Date
18 October 2017

Chinese tourists loathe their passports — for good reason

It is no secret that many Western nations harbor mixed feelings about Chinese visitors. And it shows in their actions.

On one hand, they roll out the red carpet for Chinese shoppers, whose impressive spending power and strong appetite for extravagance is seen as a crucial lifeline for tourism and retail industries. But when it comes to offering preferential treatment like visa-free entry or visa on arrival to Chinese passport holders, the countries are more often likely to say no.

Loutish behavior ranging from spitting on the roads to talking in loud voices, and much worse, by Chinese tourists is part of the reason. Just look at the picture in Hong Kong across the border where there is mounting resentment of mainlanders among the locals, and you will get some idea. 

But perhaps a more underlying cause is the staggering number of illegal immigrants. Many Chinese from Wenzhou and Fujian province flocked to the United States and Europe in the 1990s and 2000s. But demand has not abated, with new visitors tending to overstay and seek asylum there. The situation forced many authorities to keep a tight rein on people from China.

For example, if an unmarried Chinese woman applies for a tourist visa to go to Singapore on her own, she is likely to be turned away. That is because in previous years many mainlanders went to the city-state in the name of sightseeing and stayed there as sex workers. Elsewhere, a report from the International Labor Organization in 2005 has estimated that there were 50,000-80,000 illegal Chinese workers in France.

Visa-free arrangement is always reached on a mutually beneficial basis, but despite the trials permitting 24 or 36-hour visa-free transit stay in Beijing, Shanghai and Guangzhou, China only allows nationals of Japan, Singapore and Brunei to visit without a visa.

All of these leads to the rather embarrassing truth that just 41 countries and territories have granted passport holders of the world’s second largest economy the privilege of visa-free entry or visa on arrival, according to the Henley Visa Restriction Index 2012. China is in the same league with Iran, Lebanon, Pakistan, Afghanistan and Iraq in this regard.

This is in stark contrast to Hong Kong passport holders who can travel to 147 countries worldwide visa-free (the only major power that is yet to grant visa-free entry is the US, but Hong Kong applicants are given multiple-visit visas that are generally valid for 10 years). Taiwan nationals also enjoy convenient travel to 130 countries.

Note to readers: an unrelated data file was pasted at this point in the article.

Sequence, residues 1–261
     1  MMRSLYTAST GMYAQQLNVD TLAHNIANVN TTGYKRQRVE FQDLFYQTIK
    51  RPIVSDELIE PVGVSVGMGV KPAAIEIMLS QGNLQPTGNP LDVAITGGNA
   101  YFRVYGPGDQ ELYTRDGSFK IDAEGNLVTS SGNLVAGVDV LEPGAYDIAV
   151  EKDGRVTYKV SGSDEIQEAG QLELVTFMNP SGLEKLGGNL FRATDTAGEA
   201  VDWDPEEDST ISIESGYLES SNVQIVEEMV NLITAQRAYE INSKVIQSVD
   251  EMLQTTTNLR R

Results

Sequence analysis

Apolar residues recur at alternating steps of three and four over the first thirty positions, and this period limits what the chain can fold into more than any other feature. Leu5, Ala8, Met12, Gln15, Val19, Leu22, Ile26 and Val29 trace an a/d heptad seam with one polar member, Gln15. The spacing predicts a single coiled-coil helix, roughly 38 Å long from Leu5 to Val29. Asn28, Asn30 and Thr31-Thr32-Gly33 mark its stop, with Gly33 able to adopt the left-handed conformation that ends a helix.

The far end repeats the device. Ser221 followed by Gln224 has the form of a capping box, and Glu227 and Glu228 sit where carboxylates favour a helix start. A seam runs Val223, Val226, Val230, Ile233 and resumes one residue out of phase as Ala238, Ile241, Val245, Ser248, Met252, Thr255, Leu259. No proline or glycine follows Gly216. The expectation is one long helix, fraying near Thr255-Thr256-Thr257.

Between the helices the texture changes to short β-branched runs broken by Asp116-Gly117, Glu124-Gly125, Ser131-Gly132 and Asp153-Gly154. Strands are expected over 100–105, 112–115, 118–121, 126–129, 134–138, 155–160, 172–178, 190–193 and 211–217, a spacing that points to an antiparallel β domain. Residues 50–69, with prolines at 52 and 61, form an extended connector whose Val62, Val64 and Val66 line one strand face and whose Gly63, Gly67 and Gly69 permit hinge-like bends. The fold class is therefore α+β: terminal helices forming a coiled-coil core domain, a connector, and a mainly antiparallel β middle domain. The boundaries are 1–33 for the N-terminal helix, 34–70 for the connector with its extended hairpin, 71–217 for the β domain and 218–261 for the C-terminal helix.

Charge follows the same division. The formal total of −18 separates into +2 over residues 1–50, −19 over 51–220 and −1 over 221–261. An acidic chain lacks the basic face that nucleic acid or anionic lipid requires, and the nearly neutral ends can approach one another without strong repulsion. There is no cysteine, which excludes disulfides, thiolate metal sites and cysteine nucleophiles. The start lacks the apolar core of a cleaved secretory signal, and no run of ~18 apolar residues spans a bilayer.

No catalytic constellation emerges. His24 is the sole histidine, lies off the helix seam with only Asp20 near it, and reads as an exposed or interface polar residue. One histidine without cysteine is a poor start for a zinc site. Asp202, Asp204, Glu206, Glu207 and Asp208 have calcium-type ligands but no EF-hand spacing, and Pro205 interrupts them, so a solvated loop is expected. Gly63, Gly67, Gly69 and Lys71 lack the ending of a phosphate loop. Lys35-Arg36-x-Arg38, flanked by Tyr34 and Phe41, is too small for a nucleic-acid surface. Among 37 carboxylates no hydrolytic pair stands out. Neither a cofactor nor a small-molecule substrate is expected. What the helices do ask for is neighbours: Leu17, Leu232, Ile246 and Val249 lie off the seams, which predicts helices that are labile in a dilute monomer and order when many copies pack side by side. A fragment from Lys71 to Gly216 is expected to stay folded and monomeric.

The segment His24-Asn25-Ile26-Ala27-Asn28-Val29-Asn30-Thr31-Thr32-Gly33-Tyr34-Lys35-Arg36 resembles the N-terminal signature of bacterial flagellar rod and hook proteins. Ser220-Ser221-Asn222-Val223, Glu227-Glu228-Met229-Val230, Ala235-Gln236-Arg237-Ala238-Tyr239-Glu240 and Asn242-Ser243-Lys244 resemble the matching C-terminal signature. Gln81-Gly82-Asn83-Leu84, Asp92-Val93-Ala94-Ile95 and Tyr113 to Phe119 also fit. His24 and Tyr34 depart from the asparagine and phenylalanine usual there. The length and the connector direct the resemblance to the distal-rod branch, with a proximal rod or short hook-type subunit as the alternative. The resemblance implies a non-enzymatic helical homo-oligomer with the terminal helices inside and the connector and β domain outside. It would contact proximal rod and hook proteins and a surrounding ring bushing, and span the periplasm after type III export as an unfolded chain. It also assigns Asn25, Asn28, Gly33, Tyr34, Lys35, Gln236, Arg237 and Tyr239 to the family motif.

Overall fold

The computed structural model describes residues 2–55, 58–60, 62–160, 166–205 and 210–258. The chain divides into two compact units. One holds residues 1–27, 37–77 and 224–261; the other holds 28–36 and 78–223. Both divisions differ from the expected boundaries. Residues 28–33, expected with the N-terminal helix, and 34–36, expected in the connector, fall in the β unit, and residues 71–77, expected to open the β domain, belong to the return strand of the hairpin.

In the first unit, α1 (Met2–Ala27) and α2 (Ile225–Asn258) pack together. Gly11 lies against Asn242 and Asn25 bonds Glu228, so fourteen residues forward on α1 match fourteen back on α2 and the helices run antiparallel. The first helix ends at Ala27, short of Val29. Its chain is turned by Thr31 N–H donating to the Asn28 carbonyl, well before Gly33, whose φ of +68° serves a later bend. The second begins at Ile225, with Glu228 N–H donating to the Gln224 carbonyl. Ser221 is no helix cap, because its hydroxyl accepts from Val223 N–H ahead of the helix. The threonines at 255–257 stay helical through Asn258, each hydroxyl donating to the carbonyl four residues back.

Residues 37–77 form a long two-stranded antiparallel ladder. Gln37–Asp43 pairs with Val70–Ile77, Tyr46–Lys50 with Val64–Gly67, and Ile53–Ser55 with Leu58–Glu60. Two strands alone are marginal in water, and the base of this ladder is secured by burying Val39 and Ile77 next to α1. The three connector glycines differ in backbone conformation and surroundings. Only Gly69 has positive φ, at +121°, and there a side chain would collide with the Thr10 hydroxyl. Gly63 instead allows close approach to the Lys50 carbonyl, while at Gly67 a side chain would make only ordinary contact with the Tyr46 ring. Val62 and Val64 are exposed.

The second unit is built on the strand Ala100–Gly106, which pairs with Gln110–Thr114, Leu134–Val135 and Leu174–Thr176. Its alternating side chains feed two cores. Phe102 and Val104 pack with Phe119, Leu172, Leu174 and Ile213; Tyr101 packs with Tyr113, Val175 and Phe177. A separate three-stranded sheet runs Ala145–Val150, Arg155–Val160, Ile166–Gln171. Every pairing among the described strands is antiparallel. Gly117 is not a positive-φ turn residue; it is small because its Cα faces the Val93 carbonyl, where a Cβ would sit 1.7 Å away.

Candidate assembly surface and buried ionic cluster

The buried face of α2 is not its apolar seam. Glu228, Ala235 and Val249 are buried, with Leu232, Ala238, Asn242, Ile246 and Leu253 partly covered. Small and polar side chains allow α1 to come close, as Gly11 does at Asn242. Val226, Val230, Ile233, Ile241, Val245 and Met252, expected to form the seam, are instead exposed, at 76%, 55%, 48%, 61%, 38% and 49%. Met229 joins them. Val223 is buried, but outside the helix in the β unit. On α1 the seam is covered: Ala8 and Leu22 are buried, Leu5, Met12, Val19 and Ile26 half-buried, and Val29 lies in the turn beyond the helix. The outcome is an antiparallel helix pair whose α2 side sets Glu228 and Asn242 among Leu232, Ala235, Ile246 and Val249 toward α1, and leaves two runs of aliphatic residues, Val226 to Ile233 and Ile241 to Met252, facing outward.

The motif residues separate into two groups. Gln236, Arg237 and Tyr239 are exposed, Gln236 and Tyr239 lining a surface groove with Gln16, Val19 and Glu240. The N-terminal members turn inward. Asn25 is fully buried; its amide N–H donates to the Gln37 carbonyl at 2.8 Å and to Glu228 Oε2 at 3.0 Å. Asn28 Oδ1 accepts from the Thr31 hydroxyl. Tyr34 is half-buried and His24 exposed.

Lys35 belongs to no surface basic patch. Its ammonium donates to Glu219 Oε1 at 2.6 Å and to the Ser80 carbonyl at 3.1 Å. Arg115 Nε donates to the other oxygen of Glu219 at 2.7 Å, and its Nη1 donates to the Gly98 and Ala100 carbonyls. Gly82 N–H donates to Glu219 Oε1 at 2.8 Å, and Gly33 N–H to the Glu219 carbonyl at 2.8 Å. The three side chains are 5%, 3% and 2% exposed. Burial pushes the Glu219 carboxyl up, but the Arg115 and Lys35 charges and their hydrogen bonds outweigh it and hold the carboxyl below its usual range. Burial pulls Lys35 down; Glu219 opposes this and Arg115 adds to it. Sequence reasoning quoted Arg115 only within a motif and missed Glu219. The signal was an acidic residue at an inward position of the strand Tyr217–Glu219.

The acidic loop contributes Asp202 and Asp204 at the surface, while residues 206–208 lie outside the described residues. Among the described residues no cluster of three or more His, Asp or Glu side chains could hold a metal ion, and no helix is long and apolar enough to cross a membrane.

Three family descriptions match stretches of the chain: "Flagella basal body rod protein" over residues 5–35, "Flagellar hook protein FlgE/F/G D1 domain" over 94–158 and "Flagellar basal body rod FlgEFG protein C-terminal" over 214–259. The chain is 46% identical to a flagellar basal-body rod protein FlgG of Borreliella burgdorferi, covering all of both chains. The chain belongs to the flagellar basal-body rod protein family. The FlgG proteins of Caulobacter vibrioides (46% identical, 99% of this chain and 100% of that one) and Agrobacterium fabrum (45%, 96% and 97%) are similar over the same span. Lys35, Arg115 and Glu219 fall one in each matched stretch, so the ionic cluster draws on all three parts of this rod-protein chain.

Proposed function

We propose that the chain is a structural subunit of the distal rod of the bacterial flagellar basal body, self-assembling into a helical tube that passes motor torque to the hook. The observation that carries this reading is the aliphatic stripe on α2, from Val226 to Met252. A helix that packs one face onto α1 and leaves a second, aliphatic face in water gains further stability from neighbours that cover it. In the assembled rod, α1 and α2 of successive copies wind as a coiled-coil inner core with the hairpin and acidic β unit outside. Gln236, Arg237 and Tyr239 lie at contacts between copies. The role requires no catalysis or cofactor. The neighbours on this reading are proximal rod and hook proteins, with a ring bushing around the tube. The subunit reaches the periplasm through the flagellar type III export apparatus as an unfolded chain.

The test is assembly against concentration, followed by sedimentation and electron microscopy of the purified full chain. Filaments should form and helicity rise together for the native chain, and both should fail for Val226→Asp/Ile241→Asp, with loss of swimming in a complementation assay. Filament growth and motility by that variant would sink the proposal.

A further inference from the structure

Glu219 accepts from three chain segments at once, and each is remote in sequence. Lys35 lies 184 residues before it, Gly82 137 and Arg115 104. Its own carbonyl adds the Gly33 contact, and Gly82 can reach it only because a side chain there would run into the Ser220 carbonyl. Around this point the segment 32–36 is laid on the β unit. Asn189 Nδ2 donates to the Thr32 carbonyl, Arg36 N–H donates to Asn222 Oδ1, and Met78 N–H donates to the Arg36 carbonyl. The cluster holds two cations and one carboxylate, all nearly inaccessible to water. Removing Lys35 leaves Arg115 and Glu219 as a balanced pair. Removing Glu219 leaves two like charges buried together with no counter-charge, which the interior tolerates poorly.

Among the 41 countries that welcome Chinese with relatively open arms, most are from Africa — in places entangled in civil wars or political turmoil like Uganda, Djibouti and Burundi — or destinations most Chinese have never heard of, like Niue, an island country in the South Pacific Ocean.

But Chinese passport holders may still find it impossible to visit some of these countries genuinely visa-free: Andorra, for instance, requires no visa for Chinese visitors but the 467-square kilometer microstate has no airport; to go there you need to travel to France or Spain first — both of these two countries require visa for Chinese visitors.

Thailand is currently the only major tourist destination that grants visa on arrival treatment, but you are still advised to obtain a Thai visa before you go as otherwise Chinese immigration inspectors won’t let you board the plane if you just hand them a blank passport.

If you are still determined to go abroad, especially to a Western country, then you’ll have to face the daunting task of applying for a visa.

Usually, you need to book a round-trip air ticket and arrange accommodation beforehand and prepare copies of your household registration record (hukou), letter of consent from the local public security bureau where your hukou is kept, social security account, employment proof, pay slips, bank statements (ideally with a deposit of 50,000 yuan (US$8,250) or above for a period of no less than three months), etc.

Some extra paperwork may be required to convince foreign immigration officers that you have adequate money to fund your trip and will go back as promised. If you wish to visit as an individual tourist rather than being a member of a guided group, usually a guarantor in the destination country is a must.

It’s true that some countries are now simplifying the procedures. Canada plans to issue multiple-entry visas that are valid for 10 years to Chinese business travelers and it is said that the United Kingdom is planning to ease the visa requirements after a Financial Times report pointed out that the nation’s visa rules deter Chinese shoppers. But these moves are only so much in terms of lowering application fees and shortening waiting times.

The sad truth is, a wave of visa waivers for Chinese passport holders is something that is unlikely to happen in the foreseeable future.

– Contact the writer at frankchen@hkej.com

RC

 

EJ Insight writer

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